Article

Antipsychotic drug use and mortality in older adults in dementia

University of Toronto, Toronto, Ontario, Canada
Annals of internal medicine (Impact Factor: 17.81). 07/2007; 146(11):775-86.
Source: PubMed

ABSTRACT

Antipsychotic drugs are widely used to manage behavioral and psychological symptoms in dementia despite concerns about their safety.
To examine the association between treatment with antipsychotics (both conventional and atypical) and all-cause mortality.
Population-based, retrospective cohort study.
Ontario, Canada.
Older adults with dementia who were followed between 1 April 1997 and 31 March 2003.
The risk for death was determined at 30, 60, 120, and 180 days after the initial dispensing of antipsychotic medication. Two pairwise comparisons were made: atypical versus no antipsychotic use and conventional versus atypical antipsychotic use. Groups were stratified by place of residence (community or long-term care). Propensity score matching was used to adjust for differences in baseline health status.
A total of 27,259 matched pairs were identified. New use of atypical antipsychotics was associated with a statistically significant increase in the risk for death at 30 days compared with nonuse in both the community-dwelling cohort (adjusted hazard ratio, 1.31 [95% CI, 1.02 to 1.70]; absolute risk difference, 0.2 percentage point) and the long-term care cohort (adjusted hazard ratio, 1.55 [CI, 1.15 to 2.07]; absolute risk difference, 1.2 percentage points). Excess risk seemed to persist to 180 days, but unequal rates of censoring over time may have affected these results. Relative to atypical antipsychotic use, conventional antipsychotic use was associated with a higher risk for death at all time points. Sensitivity analysis revealed that unmeasured confounders that increase the risk for death could diminish or eliminate the observed associations.
Information on causes of death was not available. Many patients did not continue their initial treatments after 1 month of therapy. Unmeasured confounders could affect associations.
Atypical antipsychotic use is associated with an increased risk for death compared with nonuse among older adults with dementia. The risk for death may be greater with conventional antipsychotics than with atypical antipsychotics.

Full-text

Available from: Kelvin Lam
Antipsychotic Drug Use and Mortality in Older Adults with Dementia
Sudeep S. Gill, MD, MSc; Susan E. Bronskill, PhD; Sharon-Lise T. Normand, PhD; Geoffrey M. Anderson, MD, PhD; Kathy Sykora, MSc;
Kelvin Lam, MSc; Chaim M. Bell, MD, PhD; Philip E. Lee, MD; Hadas D. Fischer, MD; Nathan Herrmann, MD; Jerry H. Gurwitz, MD;
and Paula A. Rochon, MD, MPH
Background: Antipsychotic drugs are widely used to manage be-
havioral and psychological symptoms in dementia despite concerns
about their safety.
Objective: To examine the association between treatment with
antipsychotics (both conventional and atypical) and all-cause mor-
tality.
Design: Population-based, retrospective cohort study.
Setting: Ontario, Canada.
Patients: Older adults with dementia who were followed between
1 April 1997 and 31 March 2003.
Measurements: The risk for death was determined at 30, 60, 120,
and 180 days after the initial dispensing of antipsychotic medica-
tion. Two pairwise comparisons were made: atypical versus no
antipsychotic use and conventional versus atypical antipsychotic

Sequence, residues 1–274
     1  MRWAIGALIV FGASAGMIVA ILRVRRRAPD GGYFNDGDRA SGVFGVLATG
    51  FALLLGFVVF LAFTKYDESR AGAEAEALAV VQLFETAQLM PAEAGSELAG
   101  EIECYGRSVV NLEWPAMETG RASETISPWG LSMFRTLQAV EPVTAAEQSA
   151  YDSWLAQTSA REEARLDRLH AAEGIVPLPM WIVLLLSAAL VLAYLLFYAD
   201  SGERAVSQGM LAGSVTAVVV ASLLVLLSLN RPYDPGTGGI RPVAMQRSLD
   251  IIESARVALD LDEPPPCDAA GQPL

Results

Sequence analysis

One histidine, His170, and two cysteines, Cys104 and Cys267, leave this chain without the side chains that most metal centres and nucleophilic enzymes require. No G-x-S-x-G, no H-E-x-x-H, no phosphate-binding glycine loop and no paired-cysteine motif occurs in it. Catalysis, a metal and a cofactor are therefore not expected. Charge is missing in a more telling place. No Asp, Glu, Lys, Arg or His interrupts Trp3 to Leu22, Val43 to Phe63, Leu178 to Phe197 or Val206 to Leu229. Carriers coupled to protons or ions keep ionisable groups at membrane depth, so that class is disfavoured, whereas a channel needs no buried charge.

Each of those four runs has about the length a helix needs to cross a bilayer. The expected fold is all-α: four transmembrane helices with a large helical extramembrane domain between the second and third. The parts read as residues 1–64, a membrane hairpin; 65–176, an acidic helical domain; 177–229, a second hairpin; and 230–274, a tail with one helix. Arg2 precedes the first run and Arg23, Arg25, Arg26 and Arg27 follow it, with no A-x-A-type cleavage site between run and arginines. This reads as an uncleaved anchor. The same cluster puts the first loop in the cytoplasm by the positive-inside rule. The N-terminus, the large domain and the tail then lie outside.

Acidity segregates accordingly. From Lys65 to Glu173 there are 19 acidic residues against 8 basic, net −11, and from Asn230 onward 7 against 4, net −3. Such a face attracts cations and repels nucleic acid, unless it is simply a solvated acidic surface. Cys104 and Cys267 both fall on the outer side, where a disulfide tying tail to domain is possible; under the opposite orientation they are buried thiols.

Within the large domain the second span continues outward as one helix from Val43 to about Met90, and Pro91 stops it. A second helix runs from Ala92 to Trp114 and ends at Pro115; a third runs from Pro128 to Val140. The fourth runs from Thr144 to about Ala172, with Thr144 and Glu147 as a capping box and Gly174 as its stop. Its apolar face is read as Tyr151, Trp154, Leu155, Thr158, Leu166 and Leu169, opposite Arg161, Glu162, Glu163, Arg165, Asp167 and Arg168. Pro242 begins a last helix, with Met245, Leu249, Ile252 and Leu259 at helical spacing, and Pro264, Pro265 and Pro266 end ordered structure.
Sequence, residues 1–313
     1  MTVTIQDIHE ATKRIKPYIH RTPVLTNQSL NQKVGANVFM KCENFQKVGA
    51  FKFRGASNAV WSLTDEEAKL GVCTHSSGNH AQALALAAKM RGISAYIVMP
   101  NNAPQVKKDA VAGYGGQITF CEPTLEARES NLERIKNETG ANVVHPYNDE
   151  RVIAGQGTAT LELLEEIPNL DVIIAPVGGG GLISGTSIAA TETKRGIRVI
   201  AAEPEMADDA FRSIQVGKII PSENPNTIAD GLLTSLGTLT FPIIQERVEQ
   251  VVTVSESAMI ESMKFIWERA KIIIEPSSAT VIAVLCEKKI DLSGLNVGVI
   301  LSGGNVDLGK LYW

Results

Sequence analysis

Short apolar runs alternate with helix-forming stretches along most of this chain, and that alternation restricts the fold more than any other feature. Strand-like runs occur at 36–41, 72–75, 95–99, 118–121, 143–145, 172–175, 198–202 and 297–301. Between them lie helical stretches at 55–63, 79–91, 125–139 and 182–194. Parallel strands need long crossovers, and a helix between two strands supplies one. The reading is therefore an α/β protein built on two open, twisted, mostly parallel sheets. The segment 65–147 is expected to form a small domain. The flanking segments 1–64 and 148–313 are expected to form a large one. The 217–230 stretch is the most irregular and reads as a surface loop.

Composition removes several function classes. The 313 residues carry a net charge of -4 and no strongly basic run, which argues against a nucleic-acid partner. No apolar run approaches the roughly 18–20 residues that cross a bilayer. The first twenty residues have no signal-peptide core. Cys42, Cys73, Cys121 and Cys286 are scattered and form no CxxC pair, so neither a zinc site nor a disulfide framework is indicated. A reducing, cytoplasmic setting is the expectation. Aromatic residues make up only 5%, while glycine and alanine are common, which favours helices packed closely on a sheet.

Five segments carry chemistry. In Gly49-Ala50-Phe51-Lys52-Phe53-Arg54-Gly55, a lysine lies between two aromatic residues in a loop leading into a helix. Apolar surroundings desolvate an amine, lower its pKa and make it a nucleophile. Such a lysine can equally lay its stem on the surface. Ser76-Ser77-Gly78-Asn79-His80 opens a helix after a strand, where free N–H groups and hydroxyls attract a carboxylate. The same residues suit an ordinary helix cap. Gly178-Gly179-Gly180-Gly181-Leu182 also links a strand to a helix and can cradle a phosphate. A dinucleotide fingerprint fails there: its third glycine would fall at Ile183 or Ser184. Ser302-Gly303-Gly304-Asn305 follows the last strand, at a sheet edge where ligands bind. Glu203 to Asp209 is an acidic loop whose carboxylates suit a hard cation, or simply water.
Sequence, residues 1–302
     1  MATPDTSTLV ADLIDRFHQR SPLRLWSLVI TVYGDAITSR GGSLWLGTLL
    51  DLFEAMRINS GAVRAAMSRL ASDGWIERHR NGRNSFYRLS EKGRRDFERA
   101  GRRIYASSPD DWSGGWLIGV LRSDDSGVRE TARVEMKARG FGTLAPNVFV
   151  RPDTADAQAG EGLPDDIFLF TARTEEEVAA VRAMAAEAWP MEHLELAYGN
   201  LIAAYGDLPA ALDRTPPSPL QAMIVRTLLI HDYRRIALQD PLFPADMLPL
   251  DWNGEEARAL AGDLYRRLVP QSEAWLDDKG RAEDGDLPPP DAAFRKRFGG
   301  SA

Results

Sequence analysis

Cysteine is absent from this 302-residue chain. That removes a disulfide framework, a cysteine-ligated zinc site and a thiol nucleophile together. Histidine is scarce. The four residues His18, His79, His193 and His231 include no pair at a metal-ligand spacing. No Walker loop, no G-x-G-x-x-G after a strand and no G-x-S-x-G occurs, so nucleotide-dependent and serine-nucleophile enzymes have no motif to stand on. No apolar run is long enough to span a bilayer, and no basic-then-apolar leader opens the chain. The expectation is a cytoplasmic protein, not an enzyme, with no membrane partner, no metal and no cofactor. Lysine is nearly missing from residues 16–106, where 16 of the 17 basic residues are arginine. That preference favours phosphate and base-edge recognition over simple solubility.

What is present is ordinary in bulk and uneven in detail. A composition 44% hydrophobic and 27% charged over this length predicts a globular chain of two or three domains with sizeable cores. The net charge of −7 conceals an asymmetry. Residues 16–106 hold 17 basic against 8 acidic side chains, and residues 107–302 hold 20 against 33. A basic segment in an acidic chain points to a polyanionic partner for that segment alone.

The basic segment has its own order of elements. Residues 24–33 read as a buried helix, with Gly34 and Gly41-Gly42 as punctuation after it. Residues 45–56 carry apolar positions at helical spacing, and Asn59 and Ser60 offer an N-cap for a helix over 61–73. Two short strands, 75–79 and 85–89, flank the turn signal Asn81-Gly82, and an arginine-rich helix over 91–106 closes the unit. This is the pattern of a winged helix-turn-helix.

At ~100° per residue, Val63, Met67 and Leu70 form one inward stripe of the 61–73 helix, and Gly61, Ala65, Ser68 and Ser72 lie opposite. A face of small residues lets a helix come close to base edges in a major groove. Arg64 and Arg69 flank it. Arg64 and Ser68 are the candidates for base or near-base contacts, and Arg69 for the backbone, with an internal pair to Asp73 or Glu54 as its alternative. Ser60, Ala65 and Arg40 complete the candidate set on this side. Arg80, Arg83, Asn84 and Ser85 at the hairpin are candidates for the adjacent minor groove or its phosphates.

use. Groups were stratified by place of residence (community or
long-term care). Propensity score matching was used to adjust for
differences in baseline health status.
Results: A total of 27 259 matched pairs were identified. New use
of atypical antipsychotics was associated with a statistically signifi-
cant increase in the risk for death at 30 days compared with
nonuse in both the community-dwelling cohort (adjusted hazard
ratio, 1.31 [95% CI, 1.02 to 1.70]; absolute risk difference, 0.2
percentage point) and the long-term care cohort (adjusted hazard
ratio, 1.55 [CI, 1.15 to 2.07]; absolute risk difference, 1.2 percent-
age points). Excess risk seemed to persist to 180 days, but unequal
rates of censoring over time may have affected these results. Rel-
ative to atypical antipsychotic use, conventional antipsychotic use
was associated with a higher risk for death at all time points.
Sensitivity analysis revealed that unmeasured confounders that in-
crease the risk for death could diminish or eliminate the observed
associations.
Limitations: Information on causes of death was not available. Many
patients did not continue their initial treatments after 1 month of
therapy. Unmeasured confounders could affect associations.
Conclusions: Atypical antipsychotic use is associated with an in-
creased risk for death compared with nonuse among older adults
with dementia. The risk for death may be greater with conventional
antipsychotics than with atypical antipsychotics.
Ann Intern Med. 2007;146:775-786. www.annals.org
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V
arious challenging behavioral and psychological symp-
toms commonly develop in older adults with demen-
tia and predispose them and their caregivers to poor out-
comes (1). Nonpharmacologic strategies are recommended
as first-line management for these symptoms (2), but they
may be difficult to implement in clinical practice (3). For
many reasons, antipsychotic medications are routinely pre-
scribed in this setting (4, 5). Conventional antipsychotics,
such as haloperidol, have been available since the 1950s.
Meta-analyses of clinical trials evaluating conventional
antipsychotics to treat agitation in dementia show that
these agents have modest efficacy and important adverse
effects compared with placebo (6, 7). In the past decade,
use of newer “atypical” antipsychotics has been rapidly in-
creasing in clinical practice because these agents were